Executive Vice President, Construction
Duke Realty Corporation
Steve Kennedy was born in 1956 in Lima, Ohio, where his father, a civil engineer, was working on a building project. Not long after, the family relocated to the next construction site - a pattern that was repeated again and again, taking them from Oklahoma to Pennsylvania and points between, until the late 1960s when they settled near Indianapolis.
Growing up, Kennedy regularly visited large construction sites with his father, seeing how projects progressed from blueprints to building completion. By the time he graduated from high school, his interest in construction had converged with his aptitude in science and math, and he pursued a civil engineering degree at Purdue.
During his senior year, shortly after the blizzard of 1978, Kennedy accepted an employment offer from Charles Pankow Builders to work on design-build construction projects in Hawaii. He spent the next six years on resort hotel, high-rise office, and condominium projects on three Hawaiian islands.
In 1981, Kennedy married and was joined in Hawaii by his wife, Carla, after she completed nursing school in Indianapolis. In 1984, he relocated to Pankow's corporate headquarters in southern California, managing building projects around the Los Angeles area.
In 1986, Kennedy moved back to the Midwest to join Duke Construction, the construction division of Duke & Associates, at the time a builder and developer of office and industrial real estate in Indianapolis and Cincinnati. Since then, Duke has grown to be one of the largest real estate companies in the United States. A publicly-owned real estate investment trust traded on the New York Stock Exchange, Duke owns more than 135 million square feet of commercial property and boasts offices in 20 cities.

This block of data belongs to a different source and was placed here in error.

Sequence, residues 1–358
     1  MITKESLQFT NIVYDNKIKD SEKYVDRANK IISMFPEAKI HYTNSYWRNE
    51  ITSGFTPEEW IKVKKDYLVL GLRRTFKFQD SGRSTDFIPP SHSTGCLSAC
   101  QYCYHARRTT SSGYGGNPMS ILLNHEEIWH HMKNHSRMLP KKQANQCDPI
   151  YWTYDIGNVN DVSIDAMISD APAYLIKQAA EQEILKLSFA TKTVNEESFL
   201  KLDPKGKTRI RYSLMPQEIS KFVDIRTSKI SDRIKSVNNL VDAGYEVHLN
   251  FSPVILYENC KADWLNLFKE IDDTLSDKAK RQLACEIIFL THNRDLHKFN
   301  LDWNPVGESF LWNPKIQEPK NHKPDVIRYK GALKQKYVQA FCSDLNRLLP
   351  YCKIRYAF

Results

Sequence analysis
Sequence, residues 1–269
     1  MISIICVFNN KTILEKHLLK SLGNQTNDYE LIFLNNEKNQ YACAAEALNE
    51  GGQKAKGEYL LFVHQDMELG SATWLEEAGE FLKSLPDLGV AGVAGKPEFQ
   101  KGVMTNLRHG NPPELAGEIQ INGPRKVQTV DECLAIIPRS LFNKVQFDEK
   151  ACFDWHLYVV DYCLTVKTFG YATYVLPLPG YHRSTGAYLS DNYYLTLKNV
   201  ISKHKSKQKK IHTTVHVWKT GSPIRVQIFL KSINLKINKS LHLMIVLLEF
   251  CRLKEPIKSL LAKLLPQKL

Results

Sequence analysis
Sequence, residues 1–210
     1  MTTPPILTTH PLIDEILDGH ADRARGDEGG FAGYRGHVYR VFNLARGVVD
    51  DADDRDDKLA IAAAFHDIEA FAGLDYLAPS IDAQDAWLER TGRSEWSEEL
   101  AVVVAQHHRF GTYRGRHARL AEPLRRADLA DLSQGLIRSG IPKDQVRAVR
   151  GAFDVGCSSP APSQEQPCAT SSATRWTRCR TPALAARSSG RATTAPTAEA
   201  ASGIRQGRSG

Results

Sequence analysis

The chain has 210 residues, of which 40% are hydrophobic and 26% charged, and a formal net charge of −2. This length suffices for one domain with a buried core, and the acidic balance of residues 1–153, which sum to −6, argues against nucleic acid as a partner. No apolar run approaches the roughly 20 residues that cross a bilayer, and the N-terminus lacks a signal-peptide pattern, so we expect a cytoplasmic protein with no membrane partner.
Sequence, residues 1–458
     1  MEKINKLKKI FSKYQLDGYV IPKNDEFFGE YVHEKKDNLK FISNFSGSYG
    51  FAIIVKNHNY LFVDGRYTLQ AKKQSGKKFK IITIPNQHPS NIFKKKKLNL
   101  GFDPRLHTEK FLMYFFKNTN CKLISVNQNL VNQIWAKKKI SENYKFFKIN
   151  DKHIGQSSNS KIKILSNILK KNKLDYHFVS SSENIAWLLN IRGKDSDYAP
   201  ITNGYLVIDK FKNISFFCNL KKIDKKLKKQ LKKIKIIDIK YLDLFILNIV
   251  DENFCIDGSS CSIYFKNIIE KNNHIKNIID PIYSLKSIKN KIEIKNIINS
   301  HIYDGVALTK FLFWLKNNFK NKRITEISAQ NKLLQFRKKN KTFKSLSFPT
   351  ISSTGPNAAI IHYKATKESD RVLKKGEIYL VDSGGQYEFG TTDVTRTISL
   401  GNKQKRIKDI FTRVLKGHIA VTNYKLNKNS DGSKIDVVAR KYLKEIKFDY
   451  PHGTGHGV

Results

Since 1994, Kennedy has served as executive vice president of Duke Realty Corporation and head of Duke Construction, which serves as design-builder and general contractor on Duke Developments and for third party owners with recent annual construction volume between $700 million and $1 billion.
Kennedy says that in addition to providing a foundation of engineering knowledge, his Purdue education helped him develop the work habits and problem-solving abilities necessary for success. These ideals seem to have been passed on to the next generation of Kennedy engineers. He and his wife, who live in Carmel, Indiana, are the proud parents of Eric (BME '08), who works for Smith & Nephew in Memphis, Tennessee, and Alex (CEM '08), who works with Clark Construction in Washington, DC.